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The Maine Woods

The Maine Woods: A Fully Annotated Edition

Edited by Jeffrey S. Cramer
Copyright Date: 2009
Published by: Yale University Press
Pages: 384
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  • Book Info
    The Maine Woods
    Book Description:

    "On the 31st of August, 1846, I left Concord in Massachusetts for Bangor and the backwoods of Maine"-thus beginsThe Maine Woods, the evocative story of Thoreau's journeys through a familiar yet untouched land.

    As he explores Mt. Katahdin (an Indian word meaning "highest land"), Lake Chesuncook, the Allagash River, and the East Branch of the Penobscot, Thoreau muses on his own vulnerability and the humility engendered by his solitude in the wilderness. Throughout Thoreau invokes the forest of Maine-the mountains, waterways, fauna, flora, and the people-in his singular style. EchoingWalden, Thoreau's passionate outcry against the degradation of the environment inThe Maine Woodswill resonate strongly today.

    This fully annotated gift edition ofThe Maine Woodsmakes a wonderful companion volume toWalden: A Fully Annotated EditionandI to Myself: An Annotated Selection from the Journal of Henry D. Thoreau.

    eISBN: 978-0-300-15653-9
    Subjects: Language & Literature

Table of Contents

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  1. Front Matter
    (pp. i-vi)
  2. Table of Contents
    (pp. vii-viii)
  3. Preface
    (pp. ix-x)
  4. Acknowledgments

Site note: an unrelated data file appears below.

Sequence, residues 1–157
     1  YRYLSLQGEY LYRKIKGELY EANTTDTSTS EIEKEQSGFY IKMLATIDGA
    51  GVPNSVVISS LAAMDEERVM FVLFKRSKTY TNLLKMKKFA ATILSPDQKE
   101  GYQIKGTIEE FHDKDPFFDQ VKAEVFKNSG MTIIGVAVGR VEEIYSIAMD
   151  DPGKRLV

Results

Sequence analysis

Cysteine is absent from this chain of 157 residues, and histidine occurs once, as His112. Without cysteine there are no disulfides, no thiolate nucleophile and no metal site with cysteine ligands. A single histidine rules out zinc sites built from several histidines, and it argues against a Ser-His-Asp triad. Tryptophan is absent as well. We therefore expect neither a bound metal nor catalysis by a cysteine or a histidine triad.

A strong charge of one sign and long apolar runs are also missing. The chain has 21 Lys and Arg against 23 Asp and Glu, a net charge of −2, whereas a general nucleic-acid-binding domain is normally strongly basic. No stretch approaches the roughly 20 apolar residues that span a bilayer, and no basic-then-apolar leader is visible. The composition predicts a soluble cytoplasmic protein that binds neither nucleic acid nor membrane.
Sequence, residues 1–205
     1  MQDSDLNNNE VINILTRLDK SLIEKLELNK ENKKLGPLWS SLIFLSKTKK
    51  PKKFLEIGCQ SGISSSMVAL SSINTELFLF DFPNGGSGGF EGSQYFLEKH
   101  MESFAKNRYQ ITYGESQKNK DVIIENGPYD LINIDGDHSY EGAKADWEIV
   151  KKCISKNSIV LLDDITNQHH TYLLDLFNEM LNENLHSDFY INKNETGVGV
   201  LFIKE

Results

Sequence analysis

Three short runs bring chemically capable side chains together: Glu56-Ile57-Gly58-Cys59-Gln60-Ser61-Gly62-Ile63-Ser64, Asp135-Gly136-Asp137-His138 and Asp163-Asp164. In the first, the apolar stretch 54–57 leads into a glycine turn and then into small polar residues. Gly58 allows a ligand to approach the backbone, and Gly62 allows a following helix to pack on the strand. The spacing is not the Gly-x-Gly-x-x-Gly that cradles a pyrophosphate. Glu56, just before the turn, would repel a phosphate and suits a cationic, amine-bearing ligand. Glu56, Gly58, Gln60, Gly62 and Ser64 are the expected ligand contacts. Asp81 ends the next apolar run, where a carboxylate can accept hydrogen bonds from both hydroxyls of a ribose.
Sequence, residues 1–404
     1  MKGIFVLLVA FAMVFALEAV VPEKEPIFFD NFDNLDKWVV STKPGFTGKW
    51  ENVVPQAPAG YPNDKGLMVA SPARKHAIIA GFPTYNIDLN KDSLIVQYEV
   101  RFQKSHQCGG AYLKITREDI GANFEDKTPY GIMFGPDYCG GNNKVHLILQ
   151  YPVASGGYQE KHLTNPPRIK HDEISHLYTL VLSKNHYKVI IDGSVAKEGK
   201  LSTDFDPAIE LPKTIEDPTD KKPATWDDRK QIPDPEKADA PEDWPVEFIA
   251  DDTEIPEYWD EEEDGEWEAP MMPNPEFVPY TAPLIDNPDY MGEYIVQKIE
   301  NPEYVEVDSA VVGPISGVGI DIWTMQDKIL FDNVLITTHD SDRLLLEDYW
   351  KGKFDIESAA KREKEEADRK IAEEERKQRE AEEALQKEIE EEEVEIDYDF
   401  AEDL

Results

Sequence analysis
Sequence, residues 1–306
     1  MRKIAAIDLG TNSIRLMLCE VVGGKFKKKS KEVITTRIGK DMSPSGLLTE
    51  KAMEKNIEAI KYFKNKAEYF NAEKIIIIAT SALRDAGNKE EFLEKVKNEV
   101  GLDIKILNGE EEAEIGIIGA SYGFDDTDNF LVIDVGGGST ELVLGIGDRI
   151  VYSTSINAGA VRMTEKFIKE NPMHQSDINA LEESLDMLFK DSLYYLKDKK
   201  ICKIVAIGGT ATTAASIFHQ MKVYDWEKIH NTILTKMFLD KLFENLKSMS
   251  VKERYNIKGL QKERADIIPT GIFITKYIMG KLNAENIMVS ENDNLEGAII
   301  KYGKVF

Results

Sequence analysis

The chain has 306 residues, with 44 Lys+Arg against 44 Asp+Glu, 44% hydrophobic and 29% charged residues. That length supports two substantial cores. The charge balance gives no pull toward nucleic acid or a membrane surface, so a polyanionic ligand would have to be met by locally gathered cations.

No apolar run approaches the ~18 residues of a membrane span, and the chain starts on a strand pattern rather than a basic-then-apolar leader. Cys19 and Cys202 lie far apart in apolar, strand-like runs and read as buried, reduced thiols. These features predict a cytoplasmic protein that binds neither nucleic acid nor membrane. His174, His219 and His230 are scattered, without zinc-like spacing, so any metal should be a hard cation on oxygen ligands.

(pp. xi-xii)
  5. Permissions
    (pp. xiii-xiv)
  6. Introduction
    (pp. xv-xxii)

    The Maine woods were present in Thoreau’s consciousness for more than half his life. He is known to have made six excursions to Maine: in May 1838 to search for a teaching position; in 1846 to climb Mount Katahdin; in 1849 and 1851 to lecture on economy and Cape Cod, respectively; in 1853 to observe a moose hunt; and in 1857 to travel the Allegash and Penobscot Rivers. In his journal are numerous references to Maine, to Indians, and to the life it represented. Thoreau’s last recorded intelligible words were “moose” and “Indian.”

    Thoreau made his Ktaadn excursion during his...


    • Ktaadn
      (pp. 1-75)

      On the 31st of August, 1846, I left Concord in Massachusetts for Bangor and the backwoods of Maine, by way of the railroad and steamboat,¹ intending to accompany a relative² of mine engaged in the lumber trade in Bangor, as far as a dam on the west branch of the Penobscot, in which property he was interested. From this place, which is about one hundred miles by the river above Bangor, thirty miles from the Houlton military road,³ and five miles beyond the last log hut, I proposed to make excursions to mount Ktaadn, the second highest mountain in New...

    • Chesuncook
      (pp. 76-145)

      At 5 P.M., September 13th, 1853, I left Boston in the steamer for Bangor by the outside course.¹ It was a warm and still night,—warmer, probably, on the water than on the land,—and the sea was as smooth as a small lake in summer, merely rippled. The passengers went singing on the deck, as in a parlor, till ten o’clock. We passed a vessel on her beam-ends² on a rock just outside the islands, and some of us thought that she was the “rapt ship” which ran

      “on her side so low That she drank water, and her...

    • The Allegash and East Branch
      (pp. 146-277)

      I started on my third excursion to the Maine woods Monday, July 20th, 1857, with one companion,¹ arriving at Bangor the next day at noon.² We had hardly left the steamer, when we passed Molly Molasses³ in the street. As long as she lives the Penobscots may be considered extant as a tribe. The succeeding morning, a relative of mine,⁴ who is well acquainted with the Penobscot Indians, and who had been my companion in my two previous excursions into the Maine woods, took me in his wagon to Oldtown, to assist me in obtaining an Indian for this expedition....

    • Appendix
      (pp. 278-304)
  8. Supplement
    (pp. 305-306)
  9. Choice of Copy Text
    (pp. 307-308)
  10. Textual Notes and Emendations
    (pp. 309-342)
  11. Bibliography
    (pp. 343-350)
  12. Index
    (pp. 351-360)